It’s time for healthier and more appealing food – to the eye, and the palate.
Here’s an often-ignored African food: The Cassava Tuber.
The cassava is versatile, but often suffers the blunt of masculine jokes. It’s a popular feature in fertility and virility jokes – there’s a conception that Cassava adds fuel to a man’s drive.
Besides, the root is gluten-free, grain-free and nut-free, making it a potential food substitute for people with allergies.
However, Cassava roots, skin and leaves contain cyanogen glycosides that are toxic, thus needs some preparation routines before consumption. Otherwise, it’s an important source of nutrients and energy.
This cyanide content is removed by peeling and cooking the tuber.
The Cassava tuber has an earthy, mild taste and starchy consistency. It can be used in a variety of recipes, basically as you might prepare potatoes – steamed, baked, mashed, boiled, or roasted.
Cassava can also be fried and made into chips, similar in preparation and taste to potato chips. The chips can be ingeniously flavored with native herbs and spices like garlic, cinnamon – and fried just as crispy and delicious as French fries.
This is a popular street delicacy in urban coast – peddled on the pavements and open-air markets.
Cassava can also be eaten similarly to mashed potatoes – combined with butter, roasted garlic, or grated cheese, or topped with a drizzle of extra-virgin olive oil or a large spoonful of caramelized onion.
To start, examine your Cassava tubers.
The roots should have a clean fresh scent and snowy white center when cut open. Break off the end of the Cassava. If the flesh has black specks, lines, or any discoloration, it should be discarded.
Before cooking, Cassava needs to be peeled and cut. Because of the thick skin and protective wax coating, use a regular knife.
Stand the root up on its end and slice vertically along the edges until the skin has been completely peeled off.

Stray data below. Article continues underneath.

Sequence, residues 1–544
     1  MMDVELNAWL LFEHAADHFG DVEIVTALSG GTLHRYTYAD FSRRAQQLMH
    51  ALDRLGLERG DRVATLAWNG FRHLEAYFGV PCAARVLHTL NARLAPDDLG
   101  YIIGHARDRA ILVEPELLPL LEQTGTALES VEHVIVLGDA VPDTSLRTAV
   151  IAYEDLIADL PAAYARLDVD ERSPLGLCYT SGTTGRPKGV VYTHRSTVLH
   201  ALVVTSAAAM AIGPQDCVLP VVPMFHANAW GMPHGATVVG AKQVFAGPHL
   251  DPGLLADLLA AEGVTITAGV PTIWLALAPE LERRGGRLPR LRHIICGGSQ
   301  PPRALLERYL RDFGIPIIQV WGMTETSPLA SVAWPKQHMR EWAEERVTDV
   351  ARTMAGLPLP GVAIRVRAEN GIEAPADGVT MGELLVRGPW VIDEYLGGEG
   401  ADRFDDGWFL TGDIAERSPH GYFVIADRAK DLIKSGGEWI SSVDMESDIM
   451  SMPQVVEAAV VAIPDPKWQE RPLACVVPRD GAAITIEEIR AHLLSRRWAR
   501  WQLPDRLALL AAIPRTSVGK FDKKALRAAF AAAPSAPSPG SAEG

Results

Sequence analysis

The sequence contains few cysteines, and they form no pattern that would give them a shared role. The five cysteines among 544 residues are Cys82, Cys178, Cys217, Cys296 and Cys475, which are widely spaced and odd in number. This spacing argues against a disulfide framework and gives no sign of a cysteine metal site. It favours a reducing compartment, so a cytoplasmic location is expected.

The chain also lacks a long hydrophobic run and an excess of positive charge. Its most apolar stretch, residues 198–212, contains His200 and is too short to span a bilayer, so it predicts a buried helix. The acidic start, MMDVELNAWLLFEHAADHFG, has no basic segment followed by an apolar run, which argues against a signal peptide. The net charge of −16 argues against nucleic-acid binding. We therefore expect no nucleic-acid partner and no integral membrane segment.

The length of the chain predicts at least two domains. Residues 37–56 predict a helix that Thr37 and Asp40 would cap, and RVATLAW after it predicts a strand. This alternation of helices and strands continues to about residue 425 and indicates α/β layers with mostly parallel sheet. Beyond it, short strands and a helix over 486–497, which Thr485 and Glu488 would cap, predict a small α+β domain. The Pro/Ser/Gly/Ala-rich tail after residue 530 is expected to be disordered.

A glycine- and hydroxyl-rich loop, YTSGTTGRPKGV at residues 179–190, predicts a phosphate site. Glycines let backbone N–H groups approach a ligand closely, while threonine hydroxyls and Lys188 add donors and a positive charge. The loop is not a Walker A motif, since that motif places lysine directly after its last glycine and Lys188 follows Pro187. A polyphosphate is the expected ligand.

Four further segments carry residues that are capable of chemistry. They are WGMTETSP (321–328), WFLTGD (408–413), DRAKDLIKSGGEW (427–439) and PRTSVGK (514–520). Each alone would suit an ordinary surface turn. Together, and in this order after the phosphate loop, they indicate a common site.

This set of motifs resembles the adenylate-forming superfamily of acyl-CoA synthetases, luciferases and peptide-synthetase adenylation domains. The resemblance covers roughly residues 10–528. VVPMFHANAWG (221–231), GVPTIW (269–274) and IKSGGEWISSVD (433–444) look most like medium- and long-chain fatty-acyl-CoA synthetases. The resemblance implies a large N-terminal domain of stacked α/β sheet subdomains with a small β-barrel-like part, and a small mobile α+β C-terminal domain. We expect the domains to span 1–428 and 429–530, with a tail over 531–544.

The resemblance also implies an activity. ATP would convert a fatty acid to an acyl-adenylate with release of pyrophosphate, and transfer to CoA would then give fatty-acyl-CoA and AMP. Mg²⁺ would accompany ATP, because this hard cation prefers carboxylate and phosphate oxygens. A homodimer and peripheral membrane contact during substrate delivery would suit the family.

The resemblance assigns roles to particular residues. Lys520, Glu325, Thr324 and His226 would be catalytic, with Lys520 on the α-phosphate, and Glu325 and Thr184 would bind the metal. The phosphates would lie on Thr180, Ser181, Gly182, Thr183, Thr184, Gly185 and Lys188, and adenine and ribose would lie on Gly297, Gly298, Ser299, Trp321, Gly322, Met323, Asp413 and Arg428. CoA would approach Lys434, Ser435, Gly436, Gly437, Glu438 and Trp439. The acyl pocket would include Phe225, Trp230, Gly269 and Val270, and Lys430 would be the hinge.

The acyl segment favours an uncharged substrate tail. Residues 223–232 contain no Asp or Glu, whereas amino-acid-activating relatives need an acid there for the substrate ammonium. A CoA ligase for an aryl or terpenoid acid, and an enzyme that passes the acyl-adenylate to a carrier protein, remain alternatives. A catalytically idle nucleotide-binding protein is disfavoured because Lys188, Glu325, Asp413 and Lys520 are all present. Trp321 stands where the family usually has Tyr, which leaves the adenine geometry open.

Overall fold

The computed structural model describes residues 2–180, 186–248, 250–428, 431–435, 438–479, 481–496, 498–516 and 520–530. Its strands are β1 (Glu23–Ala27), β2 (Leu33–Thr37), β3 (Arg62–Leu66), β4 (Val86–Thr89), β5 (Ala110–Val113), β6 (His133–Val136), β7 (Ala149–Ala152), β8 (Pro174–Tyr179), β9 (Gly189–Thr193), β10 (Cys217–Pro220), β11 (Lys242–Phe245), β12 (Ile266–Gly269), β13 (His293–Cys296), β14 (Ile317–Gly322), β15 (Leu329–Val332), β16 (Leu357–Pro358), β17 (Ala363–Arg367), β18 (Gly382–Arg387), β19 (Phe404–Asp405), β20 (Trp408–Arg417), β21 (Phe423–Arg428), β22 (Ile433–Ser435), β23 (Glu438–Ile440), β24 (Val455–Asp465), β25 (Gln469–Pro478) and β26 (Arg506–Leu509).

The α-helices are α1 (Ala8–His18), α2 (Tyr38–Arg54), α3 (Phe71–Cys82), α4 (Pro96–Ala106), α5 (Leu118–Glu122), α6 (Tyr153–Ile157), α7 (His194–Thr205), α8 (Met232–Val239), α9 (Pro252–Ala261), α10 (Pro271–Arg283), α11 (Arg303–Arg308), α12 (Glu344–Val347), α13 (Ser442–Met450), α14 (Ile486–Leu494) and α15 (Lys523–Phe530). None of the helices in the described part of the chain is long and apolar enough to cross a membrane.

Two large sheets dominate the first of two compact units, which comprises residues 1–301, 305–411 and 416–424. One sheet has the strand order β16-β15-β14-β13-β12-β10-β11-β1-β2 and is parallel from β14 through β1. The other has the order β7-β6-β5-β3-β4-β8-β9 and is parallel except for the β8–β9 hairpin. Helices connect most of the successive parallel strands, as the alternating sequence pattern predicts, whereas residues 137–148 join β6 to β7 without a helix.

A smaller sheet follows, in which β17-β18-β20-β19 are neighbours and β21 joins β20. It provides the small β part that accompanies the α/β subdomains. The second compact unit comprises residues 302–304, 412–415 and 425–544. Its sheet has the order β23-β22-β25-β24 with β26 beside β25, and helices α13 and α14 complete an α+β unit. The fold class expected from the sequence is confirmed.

Next, remove the core. Some methods may have the core removed after cooking, but, pre-removal is the safer bet.
Stand the root pieces on end and cut the peeled root in half lengthwise to expose the woody core – curve and discard the woody, thread core.
The cassava is now ready to cook in a recipe or safely frozen for future use.
At this point, you can use the Cassava in essentially the same ways you’d use potatoes, or yams. There’s lots of recipes: Cassava-meat recipes, Cassava-flour bread, Cassava crisps and chips, et al.
This is a healthy family treat. In the village, the plus is that Cassava is fresh, as it’s widely grown. All you need to purchase is the auxiliary ingredients.
In the village, support local businesses by shopping for ingredients locally. It makes no sense to shop for garlic in the city – check at the local grocery – who’s also may be a Co-op Kwa Jirani agent.
Co-op Bank has a unique banking experience through its Co-op Kwa Jirani model that mirrors banking in conventional banking halls.
At Co-op Kwa Jirani, instant cash withdrawals and deposits from Co-op Bank account, SACCO Account or Fethalink are available, a real convenience.
This festive season, access banking services at your local Co-op Kwa Jirani outlet – and boost your neighbor’s business by shopping locally!